I forgot to mark my calendar, I’m a day late–and I broke the rules, too.
The first and prime rule of International Rock Flipping Day, set in stone, so to speak, by founder Dave Bonta, is the participants flip their rocks on September 20th, the official date thereof. But I’m cheating.
I flipped my rock back on May 17th, while rearranging a flower bed. The reason I’m flouting the rule and posting these pictures taken last spring is the beetles. I’m hoping someone can identify the species.
I’ve never seen beetles like these before, yet there they were minding their own business under an oblong chunk of striped native limestone next to my driveway, until I flipped. I broke another rule–I didn’t replace the rock as I found it, either. I shifted it to a position dictated by Mrs. Dr. Omed. Mea culpa, Dave.
And I cheated, too, and added you to the list. It’s here: http://wanderinweeta.blogspot.com/2009/09/early-bird-gets-worm-irfd-2009-1.html
Very cool photo – glad you broke the rules! It might help folks who are trying to ID the beetles if they knew the geographical location where they were found. Thanks for sharing!
Glad to share. The geographical location is Tulsa, Oklahoma.
I like your broken rules. Hats off to Mrs. Dr. Omed.
Pingback: Dr. Yoshev Omed (tinydoctor) 's status on Tuesday, 22-Sep-09 14:33:16 UTC - Identi.ca
I don’t know the species, but I’ll bet they’re in over-winter mode. I’ve seen ladybugs cluster like that, too.
I think that’s a good bet, Dave.
My best guess is that they are Carrion Beetles (Family Silphidae). If so, their antennae are distinctive.
More specifically, I’d say they were Sexton Beetles (Genus Nicrophorus). Species ID is tricky (for me) because the color patterns vary within each species.
The common name Sexton Beetles is derived from their life cycle practice of burying small, dead mammals — like mice, shrews, etc. Sexton Beetles are remarkable in the insect world for their parental care of larvae. After burying the carcass, the female lays her eggs in it. Both parents stay with the decaying carcass and feed the young on regurgitated carrion.
I have found clusters of overwintering Sexton Beetles under the bark of dead trees.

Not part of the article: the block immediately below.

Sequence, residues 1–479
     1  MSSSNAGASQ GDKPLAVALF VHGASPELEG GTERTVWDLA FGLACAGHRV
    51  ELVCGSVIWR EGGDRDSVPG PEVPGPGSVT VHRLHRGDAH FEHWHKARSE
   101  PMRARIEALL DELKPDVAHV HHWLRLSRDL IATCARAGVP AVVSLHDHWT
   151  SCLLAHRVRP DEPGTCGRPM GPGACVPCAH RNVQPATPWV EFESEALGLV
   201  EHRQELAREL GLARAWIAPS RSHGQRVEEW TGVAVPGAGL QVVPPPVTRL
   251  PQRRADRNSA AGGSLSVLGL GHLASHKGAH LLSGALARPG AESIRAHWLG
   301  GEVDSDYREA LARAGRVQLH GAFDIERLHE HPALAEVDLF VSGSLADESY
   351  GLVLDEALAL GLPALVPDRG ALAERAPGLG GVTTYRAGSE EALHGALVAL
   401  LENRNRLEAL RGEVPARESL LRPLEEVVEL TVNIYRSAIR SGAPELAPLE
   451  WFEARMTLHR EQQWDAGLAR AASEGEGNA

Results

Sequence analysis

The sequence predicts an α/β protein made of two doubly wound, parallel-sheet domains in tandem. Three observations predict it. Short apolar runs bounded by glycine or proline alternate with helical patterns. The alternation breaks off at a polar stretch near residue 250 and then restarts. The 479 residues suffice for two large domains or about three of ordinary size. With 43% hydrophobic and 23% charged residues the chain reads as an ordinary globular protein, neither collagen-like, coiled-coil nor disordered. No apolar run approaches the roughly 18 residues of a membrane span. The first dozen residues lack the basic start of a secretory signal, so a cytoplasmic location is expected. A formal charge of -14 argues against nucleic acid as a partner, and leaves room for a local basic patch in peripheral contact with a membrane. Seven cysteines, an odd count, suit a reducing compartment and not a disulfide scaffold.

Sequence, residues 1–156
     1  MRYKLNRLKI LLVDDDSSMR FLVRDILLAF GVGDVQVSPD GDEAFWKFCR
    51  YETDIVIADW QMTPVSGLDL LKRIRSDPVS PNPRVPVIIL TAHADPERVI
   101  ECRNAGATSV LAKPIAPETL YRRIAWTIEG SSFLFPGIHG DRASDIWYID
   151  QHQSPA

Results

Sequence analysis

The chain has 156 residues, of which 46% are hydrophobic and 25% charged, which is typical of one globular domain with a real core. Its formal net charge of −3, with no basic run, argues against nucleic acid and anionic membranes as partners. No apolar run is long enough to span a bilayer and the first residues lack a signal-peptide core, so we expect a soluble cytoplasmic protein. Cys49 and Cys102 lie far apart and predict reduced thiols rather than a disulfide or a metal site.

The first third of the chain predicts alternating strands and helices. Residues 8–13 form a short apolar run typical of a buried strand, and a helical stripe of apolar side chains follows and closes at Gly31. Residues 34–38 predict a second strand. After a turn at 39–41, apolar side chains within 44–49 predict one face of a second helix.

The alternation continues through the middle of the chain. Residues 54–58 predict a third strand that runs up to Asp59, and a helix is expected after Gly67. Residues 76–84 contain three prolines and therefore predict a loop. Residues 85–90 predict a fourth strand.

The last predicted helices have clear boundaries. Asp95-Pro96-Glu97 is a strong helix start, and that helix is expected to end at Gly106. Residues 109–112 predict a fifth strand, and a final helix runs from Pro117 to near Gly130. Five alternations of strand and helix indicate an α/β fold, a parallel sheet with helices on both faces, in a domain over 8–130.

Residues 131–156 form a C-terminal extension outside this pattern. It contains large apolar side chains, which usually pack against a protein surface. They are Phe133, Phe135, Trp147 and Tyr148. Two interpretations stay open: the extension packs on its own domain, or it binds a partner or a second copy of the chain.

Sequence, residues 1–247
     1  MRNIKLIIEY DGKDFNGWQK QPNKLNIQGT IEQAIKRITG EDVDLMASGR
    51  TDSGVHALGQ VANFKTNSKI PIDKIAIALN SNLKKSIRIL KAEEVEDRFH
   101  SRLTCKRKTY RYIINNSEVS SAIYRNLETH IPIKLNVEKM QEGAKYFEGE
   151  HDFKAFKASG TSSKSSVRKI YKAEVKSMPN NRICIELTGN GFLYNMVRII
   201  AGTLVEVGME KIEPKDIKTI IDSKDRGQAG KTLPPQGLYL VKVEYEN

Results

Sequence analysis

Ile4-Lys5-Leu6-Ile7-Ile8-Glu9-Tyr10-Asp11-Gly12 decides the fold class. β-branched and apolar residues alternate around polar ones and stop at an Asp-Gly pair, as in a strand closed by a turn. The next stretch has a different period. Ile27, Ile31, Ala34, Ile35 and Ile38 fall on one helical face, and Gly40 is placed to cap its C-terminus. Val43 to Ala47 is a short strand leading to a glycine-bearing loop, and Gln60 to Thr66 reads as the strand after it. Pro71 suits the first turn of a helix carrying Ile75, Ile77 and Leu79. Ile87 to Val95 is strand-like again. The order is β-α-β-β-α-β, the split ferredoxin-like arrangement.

Sexton beetles! I love the description–Thanks, Marvin, you’re the go-to guy on insects.
Sounds like Sexton beetles spend most their time in the grave, so to speak–I wonder why they have such vividly colored marking on their carapaces.
Pingback: Dave Ingram's Natural History Blog» International Rock Flipping Day
A question I should have asked earlier: How big were these beetles?
Much bigger than ladybugs, a little smaller than an average june bug, as best I remember, Marvin.
Sorry, Doc, but my original ID was wrong. I was led astray by the orange and black markings.
I went back to my photos of these beetles mentioned above, found a close up shot and saw the antenna were not correct for carrion beetles. I then submitted my photo to BugGuide for an ID.
These are a species of Pleasing Fungus Beetle (specifically Megalodacne fasciata). According to BugGuide, “Larvae feed on bracket fungi. Adults overwinter under bark, often in groups.”
It seems kind of strange your beetles were under a rock. I wonder where the fungi the larvae lived inside and ate was? Any dead trees or stumps nearby?
Pleasing Fungus Beetles? A poetic moniker indeed.
Before I moved it, the rock was snug up against the roots of a big Hackberry tree, at least sixty or seventy years old.
I am in agreement with Marvin. When I first saw them I thought Sexton Beetle, too. But then realized they weren’t built right, but fit the
shape and coloration of a Pleasing Fungus
Beetle. I’m glad Marvin came up with the
Pingback: Advice for Prospective Troglodytes (video) | Via Negativa
Pleasing names, either, but appreciate the care and though of all the commenters. As in, holy crap, what a delightful post/response.
Those Beetle are superb and a beauty. Gota thank mothernature for such beauty
Ow, I first thought they were little snakes! LOL!
Pingback: International Rock Flipping Day